If you’ve ever worked in a tipping position, certainly you have had those who either don’t tip or leave a maddeningly small amount—and usually, those people are the most demanding.
The good customers sometimes make up for it, but often they don’t.
There’s nothing more infuriating than a 75 dollar bar bill, and the person paying pushes a dollar back at you and says, “Thanks, darlin’!” You can’t say a thing because tipping is optional. I once paid out over 53,000 dollars in a single jackpot as a casino worker to a regular player and received five dollars for my trouble.
Like many people my age, I was a tipped worker for many years: bartender, cocktail and food service, casino work. I also worked in the gray area of housekeeping in the hospitality industry and as a professional house cleaner where tips were hit or (usually) miss.
In a previous article, I wrote about losing the “Bargain Mentality” for goods and services and that it’s one of the factors that keep wages low and profits (for some companies) high. Many of those low-wage jobs include the tipped worker industry.
Why Tips Are Considered Wages
Tipping has been in America since the post-Civil War era. Newly emancipated slaves couldn’t get regular paid jobs, so they found themselves doing the service-type work that they were already familiar with. The trade-off was that their employers encouraged patrons to give them a little something for their effort, thereby giving the business owner an out for not actually paying them.
As the practice became accepted and normal, the restaurant industry caught on and took advantage of the additional financial boost with no extra money off their bottom lines. Until actual legislation was enacted in 1938, wages were up to the employer. Many businesses were totally on board with paying their employees, even fairly in some cases, but the living wage fight is not new.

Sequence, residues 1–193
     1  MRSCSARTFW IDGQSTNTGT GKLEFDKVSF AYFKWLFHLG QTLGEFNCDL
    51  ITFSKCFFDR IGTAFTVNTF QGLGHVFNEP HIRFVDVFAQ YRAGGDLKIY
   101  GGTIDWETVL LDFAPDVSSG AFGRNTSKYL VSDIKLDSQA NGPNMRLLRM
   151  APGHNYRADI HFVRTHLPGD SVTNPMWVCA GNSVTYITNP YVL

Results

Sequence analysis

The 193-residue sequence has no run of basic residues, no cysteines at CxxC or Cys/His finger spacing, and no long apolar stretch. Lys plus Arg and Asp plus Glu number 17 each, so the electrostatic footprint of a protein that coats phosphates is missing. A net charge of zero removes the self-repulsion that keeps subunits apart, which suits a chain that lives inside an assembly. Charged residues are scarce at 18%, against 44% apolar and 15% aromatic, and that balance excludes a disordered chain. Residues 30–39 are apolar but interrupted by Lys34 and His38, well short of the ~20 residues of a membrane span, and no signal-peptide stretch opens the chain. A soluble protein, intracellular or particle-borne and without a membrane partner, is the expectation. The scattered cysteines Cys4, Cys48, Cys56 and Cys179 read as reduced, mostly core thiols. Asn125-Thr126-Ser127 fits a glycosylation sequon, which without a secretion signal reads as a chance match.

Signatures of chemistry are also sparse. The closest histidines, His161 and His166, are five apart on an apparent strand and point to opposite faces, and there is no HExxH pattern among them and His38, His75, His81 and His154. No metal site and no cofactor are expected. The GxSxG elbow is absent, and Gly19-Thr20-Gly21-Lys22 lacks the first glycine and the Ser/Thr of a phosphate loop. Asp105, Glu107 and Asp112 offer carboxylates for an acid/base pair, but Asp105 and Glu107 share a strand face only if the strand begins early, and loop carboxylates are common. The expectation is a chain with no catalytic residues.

Employers, by and large, stick as close to the required minimum wage as possible, absorbing this reluctantly, to make the profit margins appealing to banks and other lenders and shareholders in some cases. Employees are considered a necessary expense, a line item to be negotiated and scrutinized. It’s not uncommon to trim longer-term, higher-paid employees for the younger and less-experienced to keep wages down.
Federal versus States
In the continuing battle of federal standards and states’ rights, wages are at or near the top of the list always. In the “Fair Labor and Standards Act,” the government finally had to step in and established minimum wages. While each state can set its own minimum wage, they cannot dip below the set federal minimum (currently 7.25 dollars per hour).
So, how come people in tipped jobs only make like 2.13 dollars per hour?
A very simplified explanation for this is (and again, it is set and varies from state to state) the employer may be allowed to take a credit toward wages, which considers the usual tip income for that industry. They can take that credit off what they pay in wages, assuming the tips will make up the difference to at least minimum wage for that person. If not, the employer must fill in that gap for that pay period, so the worker will clear 7.25 dollars per hour or that state’s set minimum.
Clear as mud, right?